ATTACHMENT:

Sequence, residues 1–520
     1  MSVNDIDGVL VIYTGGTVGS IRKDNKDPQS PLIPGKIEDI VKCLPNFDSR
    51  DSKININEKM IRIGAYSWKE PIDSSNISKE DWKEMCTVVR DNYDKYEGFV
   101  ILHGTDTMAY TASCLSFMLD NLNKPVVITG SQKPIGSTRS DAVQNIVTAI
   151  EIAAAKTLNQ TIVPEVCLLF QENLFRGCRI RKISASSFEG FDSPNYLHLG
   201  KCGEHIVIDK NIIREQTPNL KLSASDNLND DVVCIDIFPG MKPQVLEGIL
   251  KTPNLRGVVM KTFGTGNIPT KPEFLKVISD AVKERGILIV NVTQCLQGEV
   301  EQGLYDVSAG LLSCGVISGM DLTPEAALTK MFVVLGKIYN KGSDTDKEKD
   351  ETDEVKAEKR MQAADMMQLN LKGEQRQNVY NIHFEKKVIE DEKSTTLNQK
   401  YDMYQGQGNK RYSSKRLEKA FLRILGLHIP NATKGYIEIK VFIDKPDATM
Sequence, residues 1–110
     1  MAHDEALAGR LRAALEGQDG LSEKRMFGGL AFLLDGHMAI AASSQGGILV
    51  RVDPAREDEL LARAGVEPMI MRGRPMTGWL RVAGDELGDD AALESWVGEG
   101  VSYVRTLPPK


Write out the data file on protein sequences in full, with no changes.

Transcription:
Sequence, residues 1–520
     1  MSVNDIDGVL VIYTGGTVGS IRKDNKDPQS PLIPGKIEDI VKCLPNFDSR
    51  DSKININEKM IRIGAYSWKE PIDSSNISKE DWKEMCTVVR DNYDKYEGFV
   101  ILHGTDTMAY TASCLSFMLD NLNKPVVITG SQKPIGSTRS DAVQNIVTAI
   151  EIAAAKTLNQ TIVPEVCLLF QENLFRGCRI RKISASSFEG FDSPNYLHLG
   201  KCGEHIVIDK NIIREQTPNL KLSASDNLND DVVCIDIFPG MKPQVLEGIL
   251  KTPNLRGVVM KTFGTGNIPT KPEFLKVISD AVKERGILIV NVTQCLQGEV
   301  EQGLYDVSAG LLSCGVISGM DLTPEAALTK MFVVLGKIYN KGSDTDKEKD
   351  ETDEVKAEKR MQAADMMQLN LKGEQRQNVY NIHFEKKVIE DEKSTTLNQK
   401  YDMYQGQGNK RYSSKRLEKA FLRILGLHIP NATKGYIEIK VFIDKPDATM
Sequence, residues 1–110
     1  MAHDEALAGR LRAALEGQDG LSEKRMFGGL AFLLDGHMAI AASSQGGILV
    51  RVDPAREDEL LARAGVEPMI MRGRPMTGWL RVAGDELGDD AALESWVGEG
   101  VSYVRTLPPK